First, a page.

Long before Glynn County Police Lt. Robert C. Sasser’s final rampage ended in the shooting death of his estranged spouse and her male friend, his potential for violence struck terror in his wife’s family.
On May 14, the day after a domestic incident in which Lt. Sasser tried to kick in her door, Katie Kettles Sasser gave a police investigator conflicting answers about the threat he posed to her, according to records released by the Glynn County Police Department Friday.
She said both “yes and no” when asked if she was scared of her husband, whom she had separated from three months earlier and she was planning to divorce in large part because of his severe mental problems linked to a 2010 on-duty fatal shooting of Caroline Small.
But there was one person, according to records, that was terrified of Sasser and his potential for harming his wife.
“Her mother was very scared of Mr. Sasser doing something stupid,” the investigator wrote.
Within weeks, those fears would be realized.
Katie Sasser’s mother frantically called 911 the night of June 28 to alert police to the danger the officer posed to her family, according to police recordings first reported by News 4 in Jacksonville.
The mother said she’d heard Sasser had killed her daughter’s boyfriend, John Hall Jr., and she feared for her own safety.
“I have just heard that someone has been hurt very badly and we are feared for our lives,” she said, according to News 4, which did not publish the mother’s name. “I’ve heard that John, this guy named John, was killed. … And Cory Sasser killed him, and he may be on the way here. He has threatened to hurt us before.”
At the time of the 911 call, she did not know the whereabouts of her daughter, but she feared she was in danger. The mother is crying on the call and she urges police in Glynn County to get to her residence as well as her daughter’s.
She had not spoken to her daughter and didn’t know if she was alright.
Sasser shot and killed his estranged wife inside Hall’s home near the coastal Georgia town of Darien, in neighboring McIntosh County. The officer then tried to evade police before leading them on a low-speed chase to his home in Glynn County. During a SWAT standoff at the home, he killed himself with a gunshot inside his truck.
The documents released Friday reveal that problems started long before the May 13 episode.
Sasser’s wife told police investigators he’d been in counseling in recent months. He was suffering from extreme depression and extreme Post Traumatic Stress Disorder linked to the 2010 shooting of Small.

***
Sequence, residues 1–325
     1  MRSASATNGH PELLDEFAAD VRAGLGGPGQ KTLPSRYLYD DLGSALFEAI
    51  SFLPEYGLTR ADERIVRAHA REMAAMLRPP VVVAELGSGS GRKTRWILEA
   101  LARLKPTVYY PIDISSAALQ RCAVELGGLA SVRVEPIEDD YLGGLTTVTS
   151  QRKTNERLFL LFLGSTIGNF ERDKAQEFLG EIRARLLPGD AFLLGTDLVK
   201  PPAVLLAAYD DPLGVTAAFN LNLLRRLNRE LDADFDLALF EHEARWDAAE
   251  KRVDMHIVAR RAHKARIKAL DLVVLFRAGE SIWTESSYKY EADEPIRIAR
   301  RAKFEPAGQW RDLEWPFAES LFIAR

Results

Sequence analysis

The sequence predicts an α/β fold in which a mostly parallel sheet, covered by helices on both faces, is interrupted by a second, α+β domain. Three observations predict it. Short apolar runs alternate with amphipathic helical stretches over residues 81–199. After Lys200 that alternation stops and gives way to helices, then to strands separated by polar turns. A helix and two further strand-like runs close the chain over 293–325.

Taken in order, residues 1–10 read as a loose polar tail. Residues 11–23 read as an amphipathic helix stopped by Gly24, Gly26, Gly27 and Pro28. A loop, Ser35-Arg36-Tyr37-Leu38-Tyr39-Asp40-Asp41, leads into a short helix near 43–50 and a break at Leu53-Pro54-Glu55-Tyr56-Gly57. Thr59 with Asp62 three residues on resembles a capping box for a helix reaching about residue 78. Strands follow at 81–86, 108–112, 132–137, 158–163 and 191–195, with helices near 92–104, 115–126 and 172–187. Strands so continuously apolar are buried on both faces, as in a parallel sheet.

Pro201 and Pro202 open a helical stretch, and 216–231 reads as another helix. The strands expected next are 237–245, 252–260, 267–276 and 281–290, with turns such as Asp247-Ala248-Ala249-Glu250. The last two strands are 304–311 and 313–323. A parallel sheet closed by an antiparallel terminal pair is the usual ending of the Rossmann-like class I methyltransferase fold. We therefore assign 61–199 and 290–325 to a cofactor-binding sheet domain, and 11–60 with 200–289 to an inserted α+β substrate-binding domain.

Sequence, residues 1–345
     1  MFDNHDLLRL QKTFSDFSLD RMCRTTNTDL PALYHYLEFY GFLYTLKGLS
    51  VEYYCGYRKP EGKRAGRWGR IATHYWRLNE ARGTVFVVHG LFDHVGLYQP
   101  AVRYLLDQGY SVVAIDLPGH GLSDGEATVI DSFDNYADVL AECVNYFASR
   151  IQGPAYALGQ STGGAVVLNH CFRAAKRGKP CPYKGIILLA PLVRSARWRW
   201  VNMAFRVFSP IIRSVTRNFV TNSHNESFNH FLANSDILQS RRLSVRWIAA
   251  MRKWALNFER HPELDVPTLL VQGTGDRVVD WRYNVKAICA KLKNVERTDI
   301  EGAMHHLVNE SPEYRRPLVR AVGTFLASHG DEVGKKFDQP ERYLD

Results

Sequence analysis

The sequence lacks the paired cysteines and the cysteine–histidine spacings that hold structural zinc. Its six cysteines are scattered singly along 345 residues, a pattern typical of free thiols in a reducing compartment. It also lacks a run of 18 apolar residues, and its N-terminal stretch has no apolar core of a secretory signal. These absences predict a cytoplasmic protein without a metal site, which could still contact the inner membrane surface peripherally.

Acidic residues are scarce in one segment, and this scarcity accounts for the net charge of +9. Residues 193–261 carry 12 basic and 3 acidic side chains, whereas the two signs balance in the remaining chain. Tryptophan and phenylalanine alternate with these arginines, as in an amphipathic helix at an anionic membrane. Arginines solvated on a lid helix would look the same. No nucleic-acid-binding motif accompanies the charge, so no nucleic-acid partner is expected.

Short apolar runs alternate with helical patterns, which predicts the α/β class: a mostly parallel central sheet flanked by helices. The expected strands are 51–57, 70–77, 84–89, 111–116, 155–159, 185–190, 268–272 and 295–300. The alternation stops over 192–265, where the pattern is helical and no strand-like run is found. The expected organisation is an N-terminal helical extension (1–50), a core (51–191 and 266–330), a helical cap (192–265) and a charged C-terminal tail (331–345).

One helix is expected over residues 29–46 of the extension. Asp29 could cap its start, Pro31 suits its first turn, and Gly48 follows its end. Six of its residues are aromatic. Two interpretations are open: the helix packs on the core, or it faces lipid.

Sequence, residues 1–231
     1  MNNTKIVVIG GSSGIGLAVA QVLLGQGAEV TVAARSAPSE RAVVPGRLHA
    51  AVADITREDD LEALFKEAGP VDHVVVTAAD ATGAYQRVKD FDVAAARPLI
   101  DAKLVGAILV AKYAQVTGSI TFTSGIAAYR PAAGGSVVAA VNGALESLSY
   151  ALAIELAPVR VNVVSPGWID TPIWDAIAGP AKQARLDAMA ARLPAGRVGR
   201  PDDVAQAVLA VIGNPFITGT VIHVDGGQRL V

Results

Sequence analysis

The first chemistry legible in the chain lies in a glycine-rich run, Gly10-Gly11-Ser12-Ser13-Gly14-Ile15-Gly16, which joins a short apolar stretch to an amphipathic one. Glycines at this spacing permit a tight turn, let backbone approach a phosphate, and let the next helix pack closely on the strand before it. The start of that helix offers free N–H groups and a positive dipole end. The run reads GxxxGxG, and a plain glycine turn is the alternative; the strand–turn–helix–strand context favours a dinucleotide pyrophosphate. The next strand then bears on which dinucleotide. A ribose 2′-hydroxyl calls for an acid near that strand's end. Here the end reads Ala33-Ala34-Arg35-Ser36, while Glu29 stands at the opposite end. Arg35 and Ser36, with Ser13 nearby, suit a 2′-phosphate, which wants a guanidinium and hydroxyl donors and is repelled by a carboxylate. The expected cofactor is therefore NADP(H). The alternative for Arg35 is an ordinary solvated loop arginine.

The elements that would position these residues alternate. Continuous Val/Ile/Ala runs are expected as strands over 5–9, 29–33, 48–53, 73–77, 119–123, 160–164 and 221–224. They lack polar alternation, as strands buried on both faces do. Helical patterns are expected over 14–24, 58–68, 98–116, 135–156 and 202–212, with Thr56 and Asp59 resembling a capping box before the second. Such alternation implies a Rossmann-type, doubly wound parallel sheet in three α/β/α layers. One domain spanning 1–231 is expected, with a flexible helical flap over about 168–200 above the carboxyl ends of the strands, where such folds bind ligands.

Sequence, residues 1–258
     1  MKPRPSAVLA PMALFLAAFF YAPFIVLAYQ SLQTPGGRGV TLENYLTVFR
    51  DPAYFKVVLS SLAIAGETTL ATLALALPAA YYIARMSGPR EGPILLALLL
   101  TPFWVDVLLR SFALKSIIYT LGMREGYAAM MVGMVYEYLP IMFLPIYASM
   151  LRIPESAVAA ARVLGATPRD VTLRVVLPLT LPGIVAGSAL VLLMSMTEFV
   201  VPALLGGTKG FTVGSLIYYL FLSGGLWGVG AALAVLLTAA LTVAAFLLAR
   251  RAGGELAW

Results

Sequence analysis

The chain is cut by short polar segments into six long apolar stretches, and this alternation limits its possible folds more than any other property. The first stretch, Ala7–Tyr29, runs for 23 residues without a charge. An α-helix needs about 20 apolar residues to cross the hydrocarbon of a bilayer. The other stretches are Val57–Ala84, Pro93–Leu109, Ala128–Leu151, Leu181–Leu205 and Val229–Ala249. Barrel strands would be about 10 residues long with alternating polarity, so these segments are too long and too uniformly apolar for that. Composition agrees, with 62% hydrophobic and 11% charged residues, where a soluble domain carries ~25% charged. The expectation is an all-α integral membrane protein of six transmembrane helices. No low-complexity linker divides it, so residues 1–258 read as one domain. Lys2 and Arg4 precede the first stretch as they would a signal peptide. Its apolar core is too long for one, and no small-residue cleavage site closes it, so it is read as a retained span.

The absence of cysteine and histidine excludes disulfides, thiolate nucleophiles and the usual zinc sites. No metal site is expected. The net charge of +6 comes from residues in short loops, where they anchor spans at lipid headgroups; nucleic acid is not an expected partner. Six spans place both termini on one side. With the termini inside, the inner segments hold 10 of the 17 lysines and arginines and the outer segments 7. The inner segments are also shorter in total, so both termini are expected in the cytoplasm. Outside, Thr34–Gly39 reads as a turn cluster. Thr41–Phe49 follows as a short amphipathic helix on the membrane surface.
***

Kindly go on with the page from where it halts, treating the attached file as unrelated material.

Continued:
Sasser and another officer, Michael T. Simpson, killed the unarmed mother of two after a low-speed chase. Her car was hemmed in by several patrol vehicles and a utility poll when the officers sprayed her windshield with bullets.
“Mrs. Sasser said this was a major reason why they separated,” according to the investigator who interviewed her May 14.
She recounted an episode three months before when she was concerned he was suicidal after she told him she was moving out. He drove off in his truck with a loaded gun and several police officers and friends looked for him all night, the records show. She did not called police or reported the incident because she did not want him to lose his job.
A closing line in the notes by victim liaison Nikki Spannut said: “All guns need to be secured.”
The department released body cam footage from the May 13 incident on Friday. It shows Sasser angry and in a fury over his wife being at her house with Hall. At one point, he seems to lunge toward her as she stands at the front door talking to officers and asking why they weren’t arresting him for trying to kick in his door.
“So are we doing this because he’s a lieutenant of the Glynn County Police Department?” she says to the officer who answered the call.
Katie Sasser told the investigator the next day that her estranged husband had shown up at her home unannounced. She told the investigator he had been outside the house for 30 minutes. He had been beating and kicking on the door after he saw her inside, kissing Hall on the couch.
The next day, however, she seemed reluctant to talk to the investigator and expressed concern that she didn’t want Sasser to lose his job at the police department.
She told the investigator she planned to file for divorce in three days. When the investigator told her he was concerned for her safety, she replied that “she was worried and had plans to leave town on Friday after he was notified of the divorce.”
A memorial service is set for Katie Sasser on Saturday in Brunswick.
“She was a loving mother, daughter and friend to all,” her obituary said. “She will be missed by all who knew her.”
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